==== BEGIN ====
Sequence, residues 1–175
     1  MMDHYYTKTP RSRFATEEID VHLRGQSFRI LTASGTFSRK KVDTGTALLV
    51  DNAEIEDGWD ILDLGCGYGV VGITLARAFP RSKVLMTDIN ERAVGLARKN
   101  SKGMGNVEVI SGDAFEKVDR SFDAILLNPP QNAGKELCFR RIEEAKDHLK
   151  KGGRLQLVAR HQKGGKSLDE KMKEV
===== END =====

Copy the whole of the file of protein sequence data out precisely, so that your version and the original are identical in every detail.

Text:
Sequence, residues 1–175
     1  MMDHYYTKTP RSRFATEEID VHLRGQSFRI LTASGTFSRK KVDTGTALLV
    51  DNAEIEDGWD ILDLGCGYGV VGITLARAFP RSKVLMTDIN ERAVGLARKN
   101  SKGMGNVEVI SGDAFEKVDR SFDAILLNPP QNAGKELCFR RIEEAKDHLK
   151  KGGRLQLVAR HQKGGKSLDE KMKEV